10 Tips for Writing Effective Ad Copy

Writing ad copy can seem pretty difficult. As an advertiser you get 95 characters – 25 Headline characters, 35 Destination Line 1, and 35 Destination Line 2 (35 more if you want to get creative in your display URL) – to blow your competition away. In addition to writing killer ad copy, you also need to make sure you’re generating the highest possible ROI for your client, while remaining (for the most part) in premium position, maintaining a high click through rate (CTR), and keeping your costs per click (CPCs) to a minimum.

Although I haven’t been in the Paid Search “game” for all that long, what I have done is written countless lines of new ad copy and conducted numerous tests… and now I’m here to drop some knowledge on you. Writing ad copy doesn’t have to be difficult. I’ve learned a few tricks to follow in order to write some good, quality copy, and I’m going to share those with you.

Without further ado, here are 10 tips for writing effective ad copy:

1. Include Main Keywords In Your Ad Headline

Inserting the main keyword into the headline will first and foremost, increase the relevancy of your ad. When a keyword is included in your ad, and it matches the search query, you will see the keyword in bold. This is an effective method to getting noticed and provides potential to have your ad stand out from the competition.

Using Dynamic Keyword Insertion (DKI) can also be an effective tool, as the keyword which triggered your ad to be shown is dynamically inserted into the headline of the ad. When used correctly, DKI can be a highly effective writing technique, but you need to be careful. It’s important to make sure the ad reads like a human carefully wrote the ad, not something that was put together by a robot. There’s nothing more cringe-worthy than searching for something on Google and being served an ad that is so clearly using DKI that it’s painful to read (misspellings, generic, out of place, etc.) Yes your ad stands out right now, but not in a good way. Be strategic about it.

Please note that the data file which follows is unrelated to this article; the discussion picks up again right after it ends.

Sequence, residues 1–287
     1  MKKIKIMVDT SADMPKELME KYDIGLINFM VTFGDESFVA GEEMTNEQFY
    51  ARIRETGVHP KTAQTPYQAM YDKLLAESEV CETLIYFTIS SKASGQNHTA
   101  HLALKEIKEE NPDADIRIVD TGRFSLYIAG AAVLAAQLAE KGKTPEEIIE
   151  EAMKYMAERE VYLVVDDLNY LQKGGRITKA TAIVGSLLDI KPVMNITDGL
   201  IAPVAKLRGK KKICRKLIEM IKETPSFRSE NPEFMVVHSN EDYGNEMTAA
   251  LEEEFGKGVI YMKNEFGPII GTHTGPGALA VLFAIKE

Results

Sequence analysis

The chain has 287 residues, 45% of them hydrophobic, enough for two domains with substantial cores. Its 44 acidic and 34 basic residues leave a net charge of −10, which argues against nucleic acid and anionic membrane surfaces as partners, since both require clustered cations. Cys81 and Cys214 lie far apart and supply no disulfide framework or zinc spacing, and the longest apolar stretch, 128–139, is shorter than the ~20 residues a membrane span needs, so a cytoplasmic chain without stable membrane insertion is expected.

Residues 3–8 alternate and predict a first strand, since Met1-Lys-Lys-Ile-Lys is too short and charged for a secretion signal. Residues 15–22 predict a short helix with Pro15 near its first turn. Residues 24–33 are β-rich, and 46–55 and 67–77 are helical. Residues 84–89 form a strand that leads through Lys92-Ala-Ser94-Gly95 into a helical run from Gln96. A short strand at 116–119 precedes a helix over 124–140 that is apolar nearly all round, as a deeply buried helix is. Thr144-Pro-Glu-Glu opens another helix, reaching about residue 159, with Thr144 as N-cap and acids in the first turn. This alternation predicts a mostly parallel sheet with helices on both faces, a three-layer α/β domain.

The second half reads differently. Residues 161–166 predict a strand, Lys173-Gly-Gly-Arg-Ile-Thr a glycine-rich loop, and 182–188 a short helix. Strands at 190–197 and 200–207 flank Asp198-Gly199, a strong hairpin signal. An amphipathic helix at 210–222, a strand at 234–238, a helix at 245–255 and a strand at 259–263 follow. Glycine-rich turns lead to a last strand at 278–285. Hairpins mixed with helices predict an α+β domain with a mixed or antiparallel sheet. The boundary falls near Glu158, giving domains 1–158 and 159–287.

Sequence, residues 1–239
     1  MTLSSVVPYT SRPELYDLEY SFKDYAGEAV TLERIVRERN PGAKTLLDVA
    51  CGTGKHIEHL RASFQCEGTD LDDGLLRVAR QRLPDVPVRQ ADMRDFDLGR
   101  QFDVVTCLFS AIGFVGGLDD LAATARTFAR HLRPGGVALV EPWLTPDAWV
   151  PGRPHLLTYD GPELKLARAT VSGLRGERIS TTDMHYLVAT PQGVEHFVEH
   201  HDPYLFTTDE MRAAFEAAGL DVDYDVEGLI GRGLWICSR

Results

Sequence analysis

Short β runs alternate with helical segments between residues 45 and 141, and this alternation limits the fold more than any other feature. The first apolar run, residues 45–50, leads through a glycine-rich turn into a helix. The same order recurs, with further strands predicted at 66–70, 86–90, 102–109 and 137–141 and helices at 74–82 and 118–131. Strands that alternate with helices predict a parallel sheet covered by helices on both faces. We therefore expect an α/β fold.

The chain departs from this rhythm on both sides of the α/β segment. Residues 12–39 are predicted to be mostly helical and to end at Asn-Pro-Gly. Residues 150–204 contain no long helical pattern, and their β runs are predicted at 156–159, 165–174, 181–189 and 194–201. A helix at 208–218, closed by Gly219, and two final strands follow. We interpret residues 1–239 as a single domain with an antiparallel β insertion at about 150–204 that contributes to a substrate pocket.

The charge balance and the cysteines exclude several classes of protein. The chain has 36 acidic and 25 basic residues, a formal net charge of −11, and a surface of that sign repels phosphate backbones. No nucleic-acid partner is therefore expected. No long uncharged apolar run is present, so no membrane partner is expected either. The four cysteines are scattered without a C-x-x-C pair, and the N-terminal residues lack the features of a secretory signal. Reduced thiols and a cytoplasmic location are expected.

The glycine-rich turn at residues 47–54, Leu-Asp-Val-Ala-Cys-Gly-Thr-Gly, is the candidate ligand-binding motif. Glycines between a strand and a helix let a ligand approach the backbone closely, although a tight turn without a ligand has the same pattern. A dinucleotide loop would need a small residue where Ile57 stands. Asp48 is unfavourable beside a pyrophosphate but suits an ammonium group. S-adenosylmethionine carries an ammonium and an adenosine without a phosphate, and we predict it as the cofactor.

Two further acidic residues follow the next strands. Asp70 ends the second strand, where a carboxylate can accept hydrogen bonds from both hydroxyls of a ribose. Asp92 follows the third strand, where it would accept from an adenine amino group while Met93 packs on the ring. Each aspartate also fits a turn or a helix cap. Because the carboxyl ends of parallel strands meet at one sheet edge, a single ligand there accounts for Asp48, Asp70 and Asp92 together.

2. Extend The Headline

Make your ad headline standout by including the Description Line 1. If your ad manages to appear in the top three spots in Google’s search results you can create an ad that really stands out and has the potential to draw in more customers. Here is the same ad, but in different positions:

ad_headline

As you can see, the first description line has been moved to the headline, creating a bold statement that stands out. Luckily this is easy to achieve, and the headline has varying results if you end the Destination Line 1 with different punctuation. For example, if you end with: